However, it was somebody else, who actually helped the ballpoint pen to literally become such an international soaring success: Henry George Martin, a British businessman, purchased the patency rights for the new invention and founded a ballpoint production factory in Reading/England. He subsequently supplied the British Royal Air Force with around 30,000 ballpoint pens during the Second World War. The reason: The modern writing instruments could even be used at high altitudes to make smudge-free notes. This was early confirmation for the high benefit of the ballpoint. It is thus no wonder that it advanced into becoming such a bestseller in the 1950s.
German companies that mastered precision machine building technologies now also wanted to get in on the act and earn money with the ballpoint. For instance, the company Schneider began making sample refills in 1948, from 1951 Schneider was the licence holder of the Biró patents. After that, the ballpoint, which can definitely be referred to as an invention of the Century, became a perennial bestseller, an everyday miracle that became popular in all areas of life and which impressed the masses. An omnipresent practical article that very soon became a mass produced item and which is still being perfected and further developed up to this very day.
In its jubilee year, the old veteran is looking younger than ever. It is really incredible how many different versions there are in the meantime and one can hardly wait to see what developments the future holds in store. Whether equipped with a push-button or a twist-action mechanism, decorated with a doming or Swarovski crystals, in carbon look or made of biodegradable corn starch, with an extractable promotional flag or a woman doing a striptease, with an integrated lolly, fragrance or USB stick – from pompous to favourably-priced, classic to cult and from simple to elegant, anything is possible. Anything that pleases and that is technically possible is allowed.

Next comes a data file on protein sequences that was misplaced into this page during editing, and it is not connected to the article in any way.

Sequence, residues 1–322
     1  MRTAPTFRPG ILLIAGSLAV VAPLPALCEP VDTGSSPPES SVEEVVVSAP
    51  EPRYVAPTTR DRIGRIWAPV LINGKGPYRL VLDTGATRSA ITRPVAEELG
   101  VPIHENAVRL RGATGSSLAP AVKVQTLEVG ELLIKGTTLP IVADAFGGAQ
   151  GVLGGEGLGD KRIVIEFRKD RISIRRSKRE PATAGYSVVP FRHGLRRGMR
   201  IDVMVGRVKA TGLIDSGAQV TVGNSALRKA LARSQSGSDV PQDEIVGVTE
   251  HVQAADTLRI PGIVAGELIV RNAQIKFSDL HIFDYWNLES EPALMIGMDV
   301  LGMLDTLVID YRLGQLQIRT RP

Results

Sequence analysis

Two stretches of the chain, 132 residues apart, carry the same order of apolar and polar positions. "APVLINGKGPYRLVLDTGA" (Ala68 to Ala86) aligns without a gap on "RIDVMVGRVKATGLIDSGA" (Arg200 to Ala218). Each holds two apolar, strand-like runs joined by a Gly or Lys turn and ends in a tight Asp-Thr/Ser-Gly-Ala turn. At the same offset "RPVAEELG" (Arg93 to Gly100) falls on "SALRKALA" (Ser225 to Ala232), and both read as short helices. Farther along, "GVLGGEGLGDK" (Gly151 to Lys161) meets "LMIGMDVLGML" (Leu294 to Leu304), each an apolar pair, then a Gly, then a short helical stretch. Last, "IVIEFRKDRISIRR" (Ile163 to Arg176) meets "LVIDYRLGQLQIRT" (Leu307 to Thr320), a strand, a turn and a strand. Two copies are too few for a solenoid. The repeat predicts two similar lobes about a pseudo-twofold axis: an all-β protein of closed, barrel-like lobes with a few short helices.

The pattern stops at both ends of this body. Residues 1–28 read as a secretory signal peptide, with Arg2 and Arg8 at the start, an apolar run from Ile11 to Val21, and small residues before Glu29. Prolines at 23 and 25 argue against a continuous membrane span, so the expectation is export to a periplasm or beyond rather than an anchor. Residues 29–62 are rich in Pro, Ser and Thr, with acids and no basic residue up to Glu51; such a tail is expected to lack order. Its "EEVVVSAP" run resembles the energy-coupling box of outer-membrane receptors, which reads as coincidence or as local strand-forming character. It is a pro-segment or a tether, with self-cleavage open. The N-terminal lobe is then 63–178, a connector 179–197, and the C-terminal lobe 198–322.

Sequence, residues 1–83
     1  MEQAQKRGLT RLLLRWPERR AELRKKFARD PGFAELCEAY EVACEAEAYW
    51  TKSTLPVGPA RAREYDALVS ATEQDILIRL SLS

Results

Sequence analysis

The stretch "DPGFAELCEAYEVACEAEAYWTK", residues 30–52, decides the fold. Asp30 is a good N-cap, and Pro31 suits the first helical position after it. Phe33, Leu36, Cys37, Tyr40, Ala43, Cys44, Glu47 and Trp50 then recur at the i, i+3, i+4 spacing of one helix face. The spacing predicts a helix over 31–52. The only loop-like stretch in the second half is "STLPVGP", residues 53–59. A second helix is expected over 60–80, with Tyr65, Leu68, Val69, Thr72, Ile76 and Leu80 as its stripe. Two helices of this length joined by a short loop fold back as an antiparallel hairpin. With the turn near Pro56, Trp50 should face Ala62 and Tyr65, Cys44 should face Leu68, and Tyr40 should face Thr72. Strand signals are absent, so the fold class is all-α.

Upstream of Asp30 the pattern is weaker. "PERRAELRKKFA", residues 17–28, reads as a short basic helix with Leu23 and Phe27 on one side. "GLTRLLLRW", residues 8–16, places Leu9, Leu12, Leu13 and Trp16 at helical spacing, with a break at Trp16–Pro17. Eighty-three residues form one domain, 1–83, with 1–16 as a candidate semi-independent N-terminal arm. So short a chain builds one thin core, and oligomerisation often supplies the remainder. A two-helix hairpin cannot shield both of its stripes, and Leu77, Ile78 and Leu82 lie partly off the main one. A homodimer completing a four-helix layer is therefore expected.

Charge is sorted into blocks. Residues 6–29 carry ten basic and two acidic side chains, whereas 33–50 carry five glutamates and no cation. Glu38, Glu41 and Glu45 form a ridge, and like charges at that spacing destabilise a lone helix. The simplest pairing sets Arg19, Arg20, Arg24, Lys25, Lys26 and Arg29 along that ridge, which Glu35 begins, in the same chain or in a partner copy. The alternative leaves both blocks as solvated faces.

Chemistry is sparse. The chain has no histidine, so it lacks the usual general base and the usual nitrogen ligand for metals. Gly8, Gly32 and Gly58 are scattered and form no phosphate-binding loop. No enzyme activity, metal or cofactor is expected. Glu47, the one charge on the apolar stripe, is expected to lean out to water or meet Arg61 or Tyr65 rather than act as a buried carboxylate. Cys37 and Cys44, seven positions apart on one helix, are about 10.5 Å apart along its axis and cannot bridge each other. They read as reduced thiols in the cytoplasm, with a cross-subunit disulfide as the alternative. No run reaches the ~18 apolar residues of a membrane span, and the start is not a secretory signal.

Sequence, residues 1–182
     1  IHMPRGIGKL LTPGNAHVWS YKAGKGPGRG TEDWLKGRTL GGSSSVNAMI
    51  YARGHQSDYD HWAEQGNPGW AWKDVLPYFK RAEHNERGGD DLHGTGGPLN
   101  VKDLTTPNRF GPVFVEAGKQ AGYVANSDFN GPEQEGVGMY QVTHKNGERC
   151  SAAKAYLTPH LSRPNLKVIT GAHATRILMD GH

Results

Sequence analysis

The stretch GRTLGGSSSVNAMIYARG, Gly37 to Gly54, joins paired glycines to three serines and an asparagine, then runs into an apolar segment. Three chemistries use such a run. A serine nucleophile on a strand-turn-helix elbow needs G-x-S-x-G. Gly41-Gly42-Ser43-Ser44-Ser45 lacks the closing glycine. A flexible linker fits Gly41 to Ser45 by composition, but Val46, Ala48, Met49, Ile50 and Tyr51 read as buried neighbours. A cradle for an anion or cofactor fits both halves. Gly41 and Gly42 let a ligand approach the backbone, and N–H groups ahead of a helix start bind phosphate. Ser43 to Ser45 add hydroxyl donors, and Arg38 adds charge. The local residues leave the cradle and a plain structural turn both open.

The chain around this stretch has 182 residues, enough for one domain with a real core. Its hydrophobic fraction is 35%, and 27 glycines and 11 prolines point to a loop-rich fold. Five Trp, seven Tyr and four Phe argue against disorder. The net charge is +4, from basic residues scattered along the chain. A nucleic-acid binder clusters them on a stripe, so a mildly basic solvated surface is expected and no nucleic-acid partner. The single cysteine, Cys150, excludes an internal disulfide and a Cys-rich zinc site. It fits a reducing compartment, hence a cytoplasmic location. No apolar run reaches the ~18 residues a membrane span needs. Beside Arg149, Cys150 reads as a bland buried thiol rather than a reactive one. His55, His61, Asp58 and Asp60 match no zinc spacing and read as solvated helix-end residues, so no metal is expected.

And this is precisely why the birthday child has established itself as the top classic on the promotional products market. Because regardless whether they are low-priced mass produced pens or a limited edition – there are almost no limits to the design possibilities or customising options for Biró’s baby, which can be implemented for all kinds of occasions.
Thanks to Biró, who created the prototype of the ballpoint pen 70 years ago. Up until this very day the Argentinians celebrate the birthday of the inventor on September 29, and countries such as Great Britain, Italy and France paid tribute to him by using his name as the word for “ballpoint pen”, they simply called it biro or biron. We pay homage to you, dear ballpoint: Happy 70th birthday! Let there always be enough ink in your refill!